Your resume must scream that you are the ideal candidate in the first half of the first page. If it doesn’t, the recruiter or HR professional won’t read any further. They have plenty of resumes to wade through and they will not spend much time before they decide if you are a good fit or not. Here’s how you can grab their attention:
1. Tailor your summary. I recommend having a sales pitch and not a traditional career summary. Tell your resume reviewers exactly what skills you have (that are relevant to the role) and what impact you will make that is associated with the job you are applying for.
2. Have a list of expertise. You can use bullet points, commas, or a vertical slash (pipe) to separate your list of high-level core competencies and skills. This saves time and space on your resume. It helps ATS systems and recruiters source the correct skills right away.
3. Highlight relevant contributions. Do not expect people to guess how you will contribute on the job. Spell it out for them. If they are looking for someone with leadership abilities, for example, give them an example with the outcome.
Only after you have included all of this information do you start listing your work history, roles, responsibilities, and noteworthy content. Be sure to keep your formatting clean and consistent. Leave plenty of white space on your resume and do not squeeze your margins.
If you are a “technical expert”, you may want to make sure that your content is understandable by a layperson. Due to the 2020 pandemic, thousands of professionals experienced “career gap”. If you have a gap in your work history, you may want to provide an explanation to clear assumptions.
By the way – you can have more than 2 pages in your resume. This is a FACT. No candidate was ever discarded because their resume was 3 pages. If you aren’t sure (because you’ve heard this myth too often), I have proof! I interviewed a top industry recruiter and she shared how you can stand out with your documents and your online profile. You are welcome to view the replay of our insightful conversation on my YouTube channel at this link.
Stand out to decision makers and hiring managers
Here’s the hard part: you MUST sell your skills and contributions in your resume, online profile, and in the interview. If you cannot talk about how you have made a difference over the course of your career, do not expect anyone to read your mind. Hiring managers have plenty of great candidates to choose from. If you are the lucky duck who expresses your career history with impact-focused and outcome driven content: you get the job.
• Most resumes are an obituary that discusses all the boring tasks you used to do. Be relevant and focus on the impacts you made based on the roles you want.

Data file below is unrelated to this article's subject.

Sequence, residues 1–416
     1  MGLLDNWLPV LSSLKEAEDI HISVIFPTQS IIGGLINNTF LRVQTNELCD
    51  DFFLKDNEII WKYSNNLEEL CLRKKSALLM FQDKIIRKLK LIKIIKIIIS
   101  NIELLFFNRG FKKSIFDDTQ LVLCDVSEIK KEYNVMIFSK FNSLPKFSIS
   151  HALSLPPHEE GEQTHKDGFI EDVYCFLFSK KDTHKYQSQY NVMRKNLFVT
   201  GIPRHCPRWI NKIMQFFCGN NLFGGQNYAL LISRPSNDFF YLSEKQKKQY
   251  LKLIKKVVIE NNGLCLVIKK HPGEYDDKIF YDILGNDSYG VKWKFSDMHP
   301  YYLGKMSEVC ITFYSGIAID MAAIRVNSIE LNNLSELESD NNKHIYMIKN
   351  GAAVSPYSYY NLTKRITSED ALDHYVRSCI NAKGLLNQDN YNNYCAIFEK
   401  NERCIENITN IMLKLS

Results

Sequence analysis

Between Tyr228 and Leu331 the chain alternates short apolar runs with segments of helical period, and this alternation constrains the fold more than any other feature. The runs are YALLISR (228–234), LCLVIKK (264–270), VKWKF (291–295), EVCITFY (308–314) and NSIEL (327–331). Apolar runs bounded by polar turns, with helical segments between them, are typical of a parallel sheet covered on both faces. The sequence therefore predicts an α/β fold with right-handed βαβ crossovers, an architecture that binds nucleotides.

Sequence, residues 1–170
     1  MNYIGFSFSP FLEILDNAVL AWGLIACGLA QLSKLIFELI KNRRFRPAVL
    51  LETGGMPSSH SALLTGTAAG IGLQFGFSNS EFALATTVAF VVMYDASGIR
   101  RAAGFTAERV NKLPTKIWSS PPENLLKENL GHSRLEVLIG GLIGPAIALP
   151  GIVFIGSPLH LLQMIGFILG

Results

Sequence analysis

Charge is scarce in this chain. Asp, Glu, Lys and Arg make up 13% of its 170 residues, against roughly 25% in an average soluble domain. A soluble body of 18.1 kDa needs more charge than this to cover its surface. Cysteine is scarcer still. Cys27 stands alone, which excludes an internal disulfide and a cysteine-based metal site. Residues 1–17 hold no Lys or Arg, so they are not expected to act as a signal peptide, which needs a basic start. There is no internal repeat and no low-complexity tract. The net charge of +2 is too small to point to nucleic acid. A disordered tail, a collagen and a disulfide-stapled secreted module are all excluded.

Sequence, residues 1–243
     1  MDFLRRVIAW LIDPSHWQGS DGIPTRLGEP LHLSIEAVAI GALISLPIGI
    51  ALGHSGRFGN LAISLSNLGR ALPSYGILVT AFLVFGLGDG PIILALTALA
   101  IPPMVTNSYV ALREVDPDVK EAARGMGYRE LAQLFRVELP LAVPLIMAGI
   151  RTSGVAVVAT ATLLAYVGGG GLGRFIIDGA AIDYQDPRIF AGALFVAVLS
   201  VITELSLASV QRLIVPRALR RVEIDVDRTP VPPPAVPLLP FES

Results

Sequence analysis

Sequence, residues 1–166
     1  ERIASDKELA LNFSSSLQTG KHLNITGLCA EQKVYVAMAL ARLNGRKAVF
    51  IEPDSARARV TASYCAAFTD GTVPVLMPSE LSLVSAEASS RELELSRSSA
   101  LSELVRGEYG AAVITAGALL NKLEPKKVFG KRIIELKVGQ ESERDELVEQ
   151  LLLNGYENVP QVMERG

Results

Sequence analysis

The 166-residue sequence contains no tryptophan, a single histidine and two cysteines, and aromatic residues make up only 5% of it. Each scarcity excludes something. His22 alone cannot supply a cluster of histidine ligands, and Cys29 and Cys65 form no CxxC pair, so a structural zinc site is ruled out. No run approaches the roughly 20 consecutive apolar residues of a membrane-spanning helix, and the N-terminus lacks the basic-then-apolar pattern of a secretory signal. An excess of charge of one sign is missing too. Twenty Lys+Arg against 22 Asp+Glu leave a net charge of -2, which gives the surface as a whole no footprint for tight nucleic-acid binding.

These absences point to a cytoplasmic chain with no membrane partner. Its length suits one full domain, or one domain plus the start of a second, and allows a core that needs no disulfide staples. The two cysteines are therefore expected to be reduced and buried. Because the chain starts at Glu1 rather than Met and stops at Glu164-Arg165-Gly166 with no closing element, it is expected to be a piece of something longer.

• Avoid having an endless bullet point list of roles and responsibilities. Anyone can do that and most do. This is why contributions stand out so easily!
• Hiring managers want to see proof that you can deliver and drive results. Make it easy for them and have relevant outcome-based contributions in your resume.
• Not every impact has to include monetary gains or percentages and it is helpful if it does. Dollar signs grab the reader’s attention.
• If you are struggling to remember exact figures, consider this: no one has a microscope into your career history. Give it your best guess unless you are applying for an internal role.
When it comes to Non-Disclosure Agreements (NDAs), keep your descriptions generic. Avoid monetary expressions in your LinkedIn profile. If the dollar figures in question are public knowledge or broadly recognized, feel free to include them in your online profile.
Get real resume results
Please do not rely on hearsay when it comes to your career growth. You will hear just about anything you can think of when it comes to job search success strategies. Much of it, unfortunately, are opinion pieces or regurgitation of falsehoods. What I share with you has been researched, tested, and vetted. With that said, if you are reading this two years from now – it may have all changed! Check my blog to see what is new, noteworthy and needs revising.
The human quotient is leaving the hiring process at a rapid rate. More and more organizations are relying on software and AI to help them find, scan, and contact qualified candidates. It’s a great idea to keep current to avoid being side-lined.
Your resume is one critical component to your career growth endeavors. Networking is also essential and a long-term investment. Also, of equal (or higher) importance is your LinkedIn profile and how you manage your online presence. Every recruiter and many hiring managers look online for viable candidates. Interestingly, they are more likely to put candidates they found on LinkedIn forward over those who submitted applications.
The good news is, once you understand the language you need to articulate across all of your professional outlets, your chances of being seen increase dramatically. As a client shared with me: “I was one of over 600+ applicants and they called me the next day. I am constantly amazed at how much of a difference my new resume makes!”